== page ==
The scorching heatwaves that haunted India for a long period in 2022 are back. The India Meteorological Department (IMD) has forecast very hot days in the coming days and weeks while issuing heatwave warnings for several parts of the country. These are developments that will be closely watched not just by economists, but by politicians as well.
India is building up to a high-stakes general election year. And, like in every election, the state of the economy will be a top focus area for all politicians – whether from the ruling party or the opposition – as they gear up to campaign for the 2024 polls.
Longer periods of heatwaves during the summer months of this year could have a negative impact on key sectors that contribute to economic growth – a development that could hurt sentiments ahead of the crucial Lok Sabha elections next year.
But in what ways do heatwaves exactly impact the economy and, by extension, the politics of the country? Let us understand that.
IMPACT OF HEATWAVES OVER THE YEARS
Over the past few years, heatwave conditions in India have gotten worse. The situation was particularly scary last year when the country experienced twice as many heatwave days as compared to the same period in 2012.’
The average number of heatwave days rose to a decadal high in 2022, as per data released by the Ministry of Statistics and Programme Implementation.
The rising mercury level has not only made summer months unbearable for Indian citizens, but it has also taken a big toll on economic growth over the years.
A 2022 report, compiled by an international partnership of organizations, stated that the country suffered an income loss of USD 159 billion in the service, manufacturing, agriculture, and construction sectors due to extreme heat in 2021.
Meanwhile, a World Bank report indicates that the country will suffer a GDP loss of 2.5 per cent to 4.5 per cent by 2030 from only lost labour hours due to extreme heat and humidity conditions. By 2050, climate change-related impact is projected to reduce agricultural yields in India by up to 25 per cent.
It also indicated that 40 per cent of India’s GDP is dependent on heat-exposed work, and in just seven years, it could lead to 3.4 crore job losses.
And this is just the impact of heatwaves on labour force productivity. Soaring temperatures have an equally devastating impact on crucial agriculture, which could lead to prolonged periods of high inflation.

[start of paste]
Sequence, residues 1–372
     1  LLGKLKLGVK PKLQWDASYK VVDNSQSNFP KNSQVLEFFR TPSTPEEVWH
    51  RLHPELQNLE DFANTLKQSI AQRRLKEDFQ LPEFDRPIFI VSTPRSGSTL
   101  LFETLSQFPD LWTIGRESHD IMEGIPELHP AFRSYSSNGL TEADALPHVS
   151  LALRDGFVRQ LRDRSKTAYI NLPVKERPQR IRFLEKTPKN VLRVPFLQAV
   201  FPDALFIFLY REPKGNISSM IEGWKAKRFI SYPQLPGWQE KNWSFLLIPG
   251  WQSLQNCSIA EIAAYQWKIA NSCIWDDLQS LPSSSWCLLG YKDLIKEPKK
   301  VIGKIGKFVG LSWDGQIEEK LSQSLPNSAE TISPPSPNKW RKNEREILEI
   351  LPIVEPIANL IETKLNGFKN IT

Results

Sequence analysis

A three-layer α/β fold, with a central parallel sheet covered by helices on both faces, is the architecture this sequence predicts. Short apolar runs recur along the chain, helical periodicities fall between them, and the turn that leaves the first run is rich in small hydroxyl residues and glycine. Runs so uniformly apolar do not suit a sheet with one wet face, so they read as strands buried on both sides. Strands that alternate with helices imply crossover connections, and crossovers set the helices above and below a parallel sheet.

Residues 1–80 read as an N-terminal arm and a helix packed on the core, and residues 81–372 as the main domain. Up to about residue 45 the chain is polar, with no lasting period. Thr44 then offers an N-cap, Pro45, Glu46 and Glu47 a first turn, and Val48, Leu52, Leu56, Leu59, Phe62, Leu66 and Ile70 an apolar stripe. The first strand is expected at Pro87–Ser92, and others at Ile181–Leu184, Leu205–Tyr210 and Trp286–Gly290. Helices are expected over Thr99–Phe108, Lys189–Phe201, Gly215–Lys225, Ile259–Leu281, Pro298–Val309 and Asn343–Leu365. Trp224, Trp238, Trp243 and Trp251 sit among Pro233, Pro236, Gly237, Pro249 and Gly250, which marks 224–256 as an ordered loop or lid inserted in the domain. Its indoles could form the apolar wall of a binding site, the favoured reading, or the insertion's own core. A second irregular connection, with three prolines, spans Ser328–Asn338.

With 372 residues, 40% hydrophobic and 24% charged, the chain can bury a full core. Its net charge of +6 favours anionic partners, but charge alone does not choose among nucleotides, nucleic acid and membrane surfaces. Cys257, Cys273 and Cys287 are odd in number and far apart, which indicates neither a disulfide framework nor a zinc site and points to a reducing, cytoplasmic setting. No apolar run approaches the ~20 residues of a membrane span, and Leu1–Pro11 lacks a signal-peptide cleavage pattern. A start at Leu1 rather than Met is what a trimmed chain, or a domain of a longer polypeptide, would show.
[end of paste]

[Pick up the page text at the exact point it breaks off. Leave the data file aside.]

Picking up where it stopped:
CROP DAMAGE AND RISING INFLATION
The farm and agriculture sectors, which contribute to 14 per cent of India’s GDP, play a vital role in balancing growth. More than half of the country’s population is dependent on it for their livelihoods.
A 2022 report prepared by the Indian Council of Agricultural Research indicated that the scorching heatwave impacted crops, fruits, vegetables and animals in the nine states, including agriculture-heavy states like Punjab, Haryana, Uttar Pradesh and Maharashtra.
In fact, the heatwave conditions also impacted milk production as body temperatures of livestock and milch animals increased by 0.5 to 3.5 degrees Celsius. Milk yields were reduced by as much as 15 per cent.
This led to a sharp rise in inflation across the country, and it took months of efforts by the government to bring the situation under control.
Farm production and income are crucial for India, and more so in election years.
The situation could get far worse this year if the weather department’s prediction of a longer spell of heatwave is accurate.
At a time when the global economy is facing a slowdown and inflation is rising across the globe, a longer duration of heatwaves could mount additional pressure on India’s economy.
Radhika Rao, senior economist at DBS Bank, said in a recent interview that farm sector outputs could be affected if weather forecasts are accurate. Crop production has already been impacted in parts of the country and the situation could worsen if there is no respite from the heatwave conditions.
Many essential food items, including grains, pulses and cereals, are in tight supply and the prolonged heatwave could put further pressure on the government to support farmers, according to economists.
The government has already acknowledged that there are risks to growth and prices if El Nino conditions prevail.
India’s Chief Economic Adviser V Anantha Nageswaran stressed the need to be ready with both supply side and monetary policy measures if El Nino disturbs the monsoon season. The RBI in its past two policy reviews
OTHER RISK FACTORS
Prolonged heatwave conditions will also lead to increased power demand, which can put pressure on the government to import more energy. This could have a direct impact on fiscal expenditure. It may be noted that rising temperatures could increase energy demand in India by up to 50 per cent by 2030.
Low-income households, who spend a larger proportion of their income on energy, could bear the brunt of these rising costs.
In addition to agriculture and energy, rising temperatures can also impact public health. In most rural parts, the healthcare system is not prepared to deal with the health impacts of rising temperatures, with limited access to air conditioning during the peak summer months.
Infrastructure, such as roads and bridges, can also be affected by rising temperatures, which can lead to damage and deterioration, leading to higher repair costs and disruptions in transportation.
With the 2024 general elections approaching, the government will be hoping for a short spell of heatwaves, but will also need to assess and address the impact of rising temperatures on the economy, particularly on vulnerable populations.